I have a collection of a few "square black rocks" that I've recognized as sharpening stones and snagged for cheap in garage sales, but they never really sharpened worth a darn. Obviously, they need cleaning. Any ideas on the best way to clean a stone that's "caked and glazed with hardened linseed oil, vegetable oil or WD40?"

  32. #67
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    Default Re: Journeyman sharpening questions

    Quote Originally Posted by Bob Cleek View Post
    Any ideas on the best way to clean a stone that's "caked and glazed with hardened linseed oil, vegetable oil or WD40?"
    Just soak it in a can of kerosene as a starting point, it will dissolve most of what is caked on. Some one earlier mentioned truing stones with a diamond plate, this would remove any remaining glaze. Using diamond is no required for either though. A new carborundum stone can be used as well to keep stones flat.
    Last edited by navydog; 04-03-2018 at 10:30 AM.

  33. #68
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    Default Re: Journeyman sharpening questions

    Easy Off oven cleaner (lye) helps, but it's next to impossible to get out the soaked in stuff. Maybe boiling once the surface is cleaned?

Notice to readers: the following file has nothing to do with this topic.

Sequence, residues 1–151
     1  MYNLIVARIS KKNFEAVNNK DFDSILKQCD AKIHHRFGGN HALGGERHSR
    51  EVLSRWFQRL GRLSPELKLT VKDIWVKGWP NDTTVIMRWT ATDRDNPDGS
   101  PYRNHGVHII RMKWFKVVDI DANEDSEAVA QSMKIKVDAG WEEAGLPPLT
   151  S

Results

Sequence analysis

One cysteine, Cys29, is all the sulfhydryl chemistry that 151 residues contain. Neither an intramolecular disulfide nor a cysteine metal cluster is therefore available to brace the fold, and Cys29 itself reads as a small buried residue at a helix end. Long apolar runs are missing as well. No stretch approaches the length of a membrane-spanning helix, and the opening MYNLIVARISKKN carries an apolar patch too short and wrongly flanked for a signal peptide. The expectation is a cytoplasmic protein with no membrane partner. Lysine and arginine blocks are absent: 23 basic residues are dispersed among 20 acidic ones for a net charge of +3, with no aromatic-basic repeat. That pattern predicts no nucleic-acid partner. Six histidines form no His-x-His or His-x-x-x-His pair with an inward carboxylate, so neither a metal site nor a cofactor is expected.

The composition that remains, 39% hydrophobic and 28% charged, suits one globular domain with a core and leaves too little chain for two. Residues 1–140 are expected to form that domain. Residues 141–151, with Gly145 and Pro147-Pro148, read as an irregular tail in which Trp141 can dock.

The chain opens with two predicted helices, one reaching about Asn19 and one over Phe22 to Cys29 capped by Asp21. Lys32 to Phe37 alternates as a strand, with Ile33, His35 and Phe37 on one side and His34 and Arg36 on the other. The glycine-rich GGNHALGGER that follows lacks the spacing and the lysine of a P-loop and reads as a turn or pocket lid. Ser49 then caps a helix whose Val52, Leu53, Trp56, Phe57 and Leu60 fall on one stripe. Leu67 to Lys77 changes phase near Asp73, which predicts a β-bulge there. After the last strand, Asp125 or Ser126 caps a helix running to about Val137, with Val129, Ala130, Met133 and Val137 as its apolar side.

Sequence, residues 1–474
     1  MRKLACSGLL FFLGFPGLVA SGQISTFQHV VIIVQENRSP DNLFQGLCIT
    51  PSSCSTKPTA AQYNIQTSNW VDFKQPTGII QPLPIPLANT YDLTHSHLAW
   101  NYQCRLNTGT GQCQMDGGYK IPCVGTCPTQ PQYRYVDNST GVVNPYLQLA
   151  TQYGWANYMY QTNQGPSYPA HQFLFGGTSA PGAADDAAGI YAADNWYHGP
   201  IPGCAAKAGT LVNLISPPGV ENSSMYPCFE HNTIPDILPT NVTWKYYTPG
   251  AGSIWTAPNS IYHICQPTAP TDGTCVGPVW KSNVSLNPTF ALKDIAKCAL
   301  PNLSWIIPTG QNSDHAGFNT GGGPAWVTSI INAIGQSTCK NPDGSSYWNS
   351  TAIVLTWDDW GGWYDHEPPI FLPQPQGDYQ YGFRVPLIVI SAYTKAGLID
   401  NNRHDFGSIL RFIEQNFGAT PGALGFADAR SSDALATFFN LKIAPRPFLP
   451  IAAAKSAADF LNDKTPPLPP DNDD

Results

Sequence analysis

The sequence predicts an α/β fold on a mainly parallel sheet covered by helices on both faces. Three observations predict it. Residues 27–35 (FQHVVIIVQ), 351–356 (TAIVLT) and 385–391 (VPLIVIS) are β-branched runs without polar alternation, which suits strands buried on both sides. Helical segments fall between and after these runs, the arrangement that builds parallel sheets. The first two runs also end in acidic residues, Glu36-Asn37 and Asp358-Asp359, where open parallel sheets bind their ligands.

34. #69
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    Default Re: Journeyman sharpening questions

    Throw them in a bucket of wtaer and forget about them for a while. The denser water will eventually displace the lighter oils.

  35. #70
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    Default Re: Journeyman sharpening questions

    When a Japanese chisel has been sharpened to the point that the hollow affects the edge the flat can be restored by placing a thin metal shim under the upper portion of the back and working the tool at 90degrees to the length of the stone. This will raise the back of the hollow allowing only the portion near the cutting edge to make contact. Hammering out can be done as well but the process can crack the blade and only works on wide chisels. Only a fine line of flat is needed. About 2 to 3 mm.

    Holding the blade free hand, during sharpening, can be made easier if the body is nearly vertical over the stone. This allows the wrists to be locked and the angle of the bevel is more easily held. Japanese Shokunin work from a kneeling position on the floor which aids in the process as the arms are then straight and the weight of the upper body comes into play and putting pressure on the blade and stone.

    For us guys with bad backs a low bench works.
    Jay
    Last edited by Jay Greer; 04-04-2018 at 07:32 PM.